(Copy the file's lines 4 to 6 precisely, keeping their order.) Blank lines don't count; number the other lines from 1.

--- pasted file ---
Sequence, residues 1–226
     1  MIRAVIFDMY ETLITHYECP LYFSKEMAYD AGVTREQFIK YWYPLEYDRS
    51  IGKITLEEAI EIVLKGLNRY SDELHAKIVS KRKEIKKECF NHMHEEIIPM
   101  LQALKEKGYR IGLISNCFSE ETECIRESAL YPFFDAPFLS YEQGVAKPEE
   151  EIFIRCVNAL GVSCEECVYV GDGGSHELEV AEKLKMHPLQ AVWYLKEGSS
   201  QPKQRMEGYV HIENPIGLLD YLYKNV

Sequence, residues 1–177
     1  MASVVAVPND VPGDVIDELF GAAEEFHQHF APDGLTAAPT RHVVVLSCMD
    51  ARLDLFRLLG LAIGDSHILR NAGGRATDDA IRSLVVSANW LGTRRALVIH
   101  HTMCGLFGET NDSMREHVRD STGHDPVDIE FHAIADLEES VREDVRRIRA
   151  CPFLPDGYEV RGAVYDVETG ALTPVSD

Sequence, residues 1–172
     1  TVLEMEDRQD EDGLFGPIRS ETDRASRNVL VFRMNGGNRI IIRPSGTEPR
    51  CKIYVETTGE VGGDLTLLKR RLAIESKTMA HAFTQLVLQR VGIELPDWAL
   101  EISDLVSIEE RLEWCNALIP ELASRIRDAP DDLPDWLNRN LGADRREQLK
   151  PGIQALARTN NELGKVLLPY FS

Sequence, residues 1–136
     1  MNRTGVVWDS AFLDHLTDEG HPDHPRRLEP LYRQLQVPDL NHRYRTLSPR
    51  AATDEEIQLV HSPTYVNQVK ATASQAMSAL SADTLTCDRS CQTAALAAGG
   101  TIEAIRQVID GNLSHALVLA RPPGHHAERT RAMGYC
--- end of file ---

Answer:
   101  LQALKEKGYR IGLISNCFSE ETECIRESAL YPFFDAPFLS YEQGVAKPEE
   151  EIFIRCVNAL GVSCEECVYV GDGGSHELEV AEKLKMHPLQ AVWYLKEGSS
   201  QPKQRMEGYV HIENPIGLLD YLYKNV